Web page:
The Freight Transportation Services Index, which is based on the amount of freight carried by the for-hire transportation industry, fell 0.4 percent in January, after reaching an all-time high in December, according to the U.S. Department of Transportation’s Bureau of Transportation Statistics. The January 2018 index level of 132.3 was 39.7 percent above the April 2009 low during the most recent recession.
The level of for-hire freight shipments in January, at 132.3, was the second highest all-time level, 0.4 percent below the all-time high of 132.8 one month earlier in December 2017.
The Freight TSI measures the month-to-month changes in for-hire freight shipments by mode of transportation in tons and ton-miles, which are combined into one index. The index measures the output of the for-hire freight transportation industry and consists of data from for-hire trucking, rail, inland waterways, pipelines and air freight. The TSI is seasonally-adjusted to remove regular seasons from month-to-month comparisons.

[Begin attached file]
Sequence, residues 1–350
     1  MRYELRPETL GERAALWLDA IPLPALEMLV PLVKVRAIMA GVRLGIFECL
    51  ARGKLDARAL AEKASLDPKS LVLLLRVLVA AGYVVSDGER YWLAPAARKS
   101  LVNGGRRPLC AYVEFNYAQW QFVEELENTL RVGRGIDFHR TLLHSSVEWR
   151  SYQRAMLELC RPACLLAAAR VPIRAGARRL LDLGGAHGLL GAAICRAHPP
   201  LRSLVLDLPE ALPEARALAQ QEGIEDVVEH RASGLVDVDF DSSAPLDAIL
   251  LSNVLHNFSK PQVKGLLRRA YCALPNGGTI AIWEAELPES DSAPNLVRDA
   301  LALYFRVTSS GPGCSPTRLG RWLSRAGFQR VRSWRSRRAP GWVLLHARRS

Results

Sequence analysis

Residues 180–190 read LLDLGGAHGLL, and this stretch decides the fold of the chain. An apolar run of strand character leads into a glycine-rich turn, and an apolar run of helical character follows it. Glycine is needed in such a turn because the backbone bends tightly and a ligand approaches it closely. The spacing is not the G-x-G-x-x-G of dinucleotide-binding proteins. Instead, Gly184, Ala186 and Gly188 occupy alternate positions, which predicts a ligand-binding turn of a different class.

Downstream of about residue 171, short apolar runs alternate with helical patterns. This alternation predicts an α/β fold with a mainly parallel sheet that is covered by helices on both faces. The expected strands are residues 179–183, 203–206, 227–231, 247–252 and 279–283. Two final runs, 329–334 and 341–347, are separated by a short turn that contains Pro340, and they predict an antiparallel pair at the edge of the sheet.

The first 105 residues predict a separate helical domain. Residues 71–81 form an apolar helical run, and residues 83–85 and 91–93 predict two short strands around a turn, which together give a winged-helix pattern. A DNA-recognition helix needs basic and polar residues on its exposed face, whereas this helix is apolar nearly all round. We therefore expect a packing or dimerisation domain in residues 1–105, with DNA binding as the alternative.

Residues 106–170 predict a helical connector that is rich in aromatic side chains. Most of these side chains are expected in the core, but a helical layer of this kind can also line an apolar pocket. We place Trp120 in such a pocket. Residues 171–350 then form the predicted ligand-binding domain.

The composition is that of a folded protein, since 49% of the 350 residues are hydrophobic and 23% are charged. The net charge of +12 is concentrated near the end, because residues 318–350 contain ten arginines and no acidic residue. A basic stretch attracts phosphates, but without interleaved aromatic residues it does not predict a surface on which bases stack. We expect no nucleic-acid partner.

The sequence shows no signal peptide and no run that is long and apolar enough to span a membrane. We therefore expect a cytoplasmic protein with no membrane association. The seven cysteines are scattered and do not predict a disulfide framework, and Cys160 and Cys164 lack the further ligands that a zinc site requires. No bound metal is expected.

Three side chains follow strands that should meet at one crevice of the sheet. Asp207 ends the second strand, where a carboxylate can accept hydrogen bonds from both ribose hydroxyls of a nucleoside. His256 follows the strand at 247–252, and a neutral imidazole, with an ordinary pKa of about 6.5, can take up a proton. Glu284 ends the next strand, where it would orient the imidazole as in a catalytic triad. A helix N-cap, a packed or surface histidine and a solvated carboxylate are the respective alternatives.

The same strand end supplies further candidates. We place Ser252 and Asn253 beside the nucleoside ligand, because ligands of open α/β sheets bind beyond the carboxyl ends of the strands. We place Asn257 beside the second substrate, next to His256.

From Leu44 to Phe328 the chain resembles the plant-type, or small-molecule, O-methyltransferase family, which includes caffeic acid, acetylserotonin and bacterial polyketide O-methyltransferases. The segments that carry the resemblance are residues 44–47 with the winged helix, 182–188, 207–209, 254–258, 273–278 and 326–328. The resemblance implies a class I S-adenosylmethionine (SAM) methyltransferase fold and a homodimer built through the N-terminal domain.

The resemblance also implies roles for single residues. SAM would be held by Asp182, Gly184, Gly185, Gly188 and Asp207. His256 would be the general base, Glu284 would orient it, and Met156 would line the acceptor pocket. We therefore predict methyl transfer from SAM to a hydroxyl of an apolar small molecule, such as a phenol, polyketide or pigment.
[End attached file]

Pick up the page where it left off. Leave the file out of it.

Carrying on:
Decreases in rail carloads, rail intermodal, pipeline and water resulted in the January decline of 0.4 percent while trucking and air freight increased. The TSI decline was consistent with the Federal Reserve Board Industrial Production index, which dropped by 0.1 percent in January, led by a fall in mining.
Despite the 0.4 percent decline from the all-time high of 132.8 in December, the January Freight TSI remained at its second highest level of 132.3. The decline followed three successive monthly increases during which the index rose 2.8 percent from September through January. For the year from January 2017, the index rose 6.3 percent. The January index was 39.7 percent above the April 2009 low during the most recent recession.
For-hire freight shipments are up 15.8 percent in the five years from January 2013 and are up 16.9 percent in the 10 years from January 2008.